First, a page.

COMMUNITY

The Other Columbus: If you want to sell more art, develop more criticism

This criticism should entice its audience to self-observe, to self-interrogate, to develop a relationship with the work in question

Scott Woods
Local artist Natalie Orr, 26, opened her show, "Aurora," at the King Arts Complex on Thursday, January, 13, 2022. Orr's work was the first exhibited in the space since the coronavirus pandemic began.

Setting aside the camp that believes that art and capitalism should never be in the same sentence because art is beautiful and pure and a very delicate flower, man, I’d like to offer a reason why visual art doesn't sell in Columbus the way that it should.

Before we get too deep in the weeds, I should define what I mean by “sales,” which is probably best defined by what I don’t mean. When the numbers come out about art sales nationwide and you read things like “gallery sales dropped 36 percent during the first year of the pandemic” (Artsy, September 18, 2020) or “the contemporary art market raked in a record-breaking $2.7 billion in sales between June 2020 and June 2021” (ArtNews Oct 4, 2021), it’s important to note that Columbus is not contributing to that data in any meaningful way. The data doesn’t include what someone sold at a local art show at a local gallery (unless that gallery was one of only 700 or so that were surveyed). Columbus doesn’t have major art auctions, so we’re also not contributing to the data through those means. Columbus boasts about 25 or so established galleries, a couple of proper art museums and several things that fall somewhere between the two. With a pool that small, it is likely that none of them were surveyed about their sales in any given year. 

Not being surveyed in sales stats isn’t the only metric of a robust or flat art market. Ask any number of local artists if they sold a painting or sculpture in a given year and the answer from the majority of them will be “no.” For a significantly smaller number of artists, that answer is “a couple.” And for the hat trick, a fraction of artists will tell you they did “OK” to “pretty good, which in art speak is, “I was able to eat and buy a few nice things this season.”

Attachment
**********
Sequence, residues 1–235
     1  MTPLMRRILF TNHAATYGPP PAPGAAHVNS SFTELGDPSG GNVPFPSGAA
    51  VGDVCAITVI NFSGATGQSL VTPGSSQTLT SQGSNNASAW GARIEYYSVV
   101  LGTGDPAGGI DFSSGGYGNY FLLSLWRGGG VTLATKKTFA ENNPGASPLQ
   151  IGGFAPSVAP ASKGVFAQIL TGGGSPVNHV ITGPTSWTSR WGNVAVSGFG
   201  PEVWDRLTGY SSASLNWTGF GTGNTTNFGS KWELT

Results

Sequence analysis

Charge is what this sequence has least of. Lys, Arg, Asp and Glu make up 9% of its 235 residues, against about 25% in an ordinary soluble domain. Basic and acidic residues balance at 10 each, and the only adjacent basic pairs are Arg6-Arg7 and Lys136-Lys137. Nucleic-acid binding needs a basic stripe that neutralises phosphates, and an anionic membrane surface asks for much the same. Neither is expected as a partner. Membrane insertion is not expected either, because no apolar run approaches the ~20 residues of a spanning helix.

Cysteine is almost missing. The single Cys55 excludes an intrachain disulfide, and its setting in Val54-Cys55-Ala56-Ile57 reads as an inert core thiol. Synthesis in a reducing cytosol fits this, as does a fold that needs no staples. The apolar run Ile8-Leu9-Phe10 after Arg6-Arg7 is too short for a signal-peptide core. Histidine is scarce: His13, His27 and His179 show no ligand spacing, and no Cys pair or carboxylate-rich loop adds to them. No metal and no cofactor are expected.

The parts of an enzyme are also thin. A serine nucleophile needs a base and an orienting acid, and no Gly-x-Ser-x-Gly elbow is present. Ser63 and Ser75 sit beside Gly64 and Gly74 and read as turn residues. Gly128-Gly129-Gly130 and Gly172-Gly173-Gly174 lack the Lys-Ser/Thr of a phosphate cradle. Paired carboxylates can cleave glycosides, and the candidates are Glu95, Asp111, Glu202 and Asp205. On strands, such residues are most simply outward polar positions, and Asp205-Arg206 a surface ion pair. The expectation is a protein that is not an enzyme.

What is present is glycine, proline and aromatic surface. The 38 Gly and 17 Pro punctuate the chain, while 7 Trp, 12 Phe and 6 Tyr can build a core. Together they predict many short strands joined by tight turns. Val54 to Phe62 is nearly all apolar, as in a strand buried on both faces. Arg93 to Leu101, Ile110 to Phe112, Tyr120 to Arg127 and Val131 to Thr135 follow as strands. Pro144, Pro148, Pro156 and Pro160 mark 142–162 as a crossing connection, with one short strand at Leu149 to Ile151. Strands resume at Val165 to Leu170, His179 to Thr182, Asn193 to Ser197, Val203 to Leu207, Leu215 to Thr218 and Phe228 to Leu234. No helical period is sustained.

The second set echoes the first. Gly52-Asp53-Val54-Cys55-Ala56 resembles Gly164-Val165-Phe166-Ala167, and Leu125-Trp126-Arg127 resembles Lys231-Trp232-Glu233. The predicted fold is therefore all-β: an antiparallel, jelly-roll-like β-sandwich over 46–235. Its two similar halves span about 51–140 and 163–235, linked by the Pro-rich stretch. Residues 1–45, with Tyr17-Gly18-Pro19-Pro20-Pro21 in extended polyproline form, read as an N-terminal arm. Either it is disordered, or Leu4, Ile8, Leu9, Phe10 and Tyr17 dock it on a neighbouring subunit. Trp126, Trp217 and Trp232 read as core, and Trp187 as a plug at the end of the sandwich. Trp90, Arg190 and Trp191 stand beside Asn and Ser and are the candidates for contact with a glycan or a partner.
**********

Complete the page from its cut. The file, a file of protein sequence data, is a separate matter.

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To be clear, art doesn't sell very much in most places. The overwhelming majority of artists don't make any money. They may sell a piece or two here and there, but for the most part, very few artists sell enough art to make it their job. That’s as true in Columbus as it is in New York City. No matter how many artists a city holds, when you apply a ratio, most of them don’t bank. As art critic Jerry Saltz puts it, “Only 1 percent of 1 percent of 1 percent of all artists get rich from their artwork.” Even if he’s half wrong, that’s still less than 1 percent. 

The most common reason someone’s art doesn’t sell anywhere is that no one where the art is wants to buy it. People may like it. People may support the artist by coming out to a show, if they're fortunate enough to get one (which is another reason why artists can’t sell much in Columbus: not enough shows). But at the end of the day, everyone who has seen the art has made a decision, and 99 times out of a 100 that decision is to leave it on the wall. It’s the very definition of a value judgment. 

Did they not like it enough? I guess. Was it priced too high? Probably not. If you’re a Columbus artist, you almost certainly didn’t price it too high. In fact, I want to comment specifically on this point. 

Visual art in Columbus doesn't sell more frequently — and for more — because it's not seen as a valuable enough commodity, as a thing worth either possessing or investing in, beyond a certain sector of people. Again, most people who encounter art don’t buy it. That’s been true since the medium was a cave wall and the paint was poop. But an art scene can change both its perceived and literal value. The thing that location does begin to differentiate about art sales is the why. Sales are extremely environment dependent.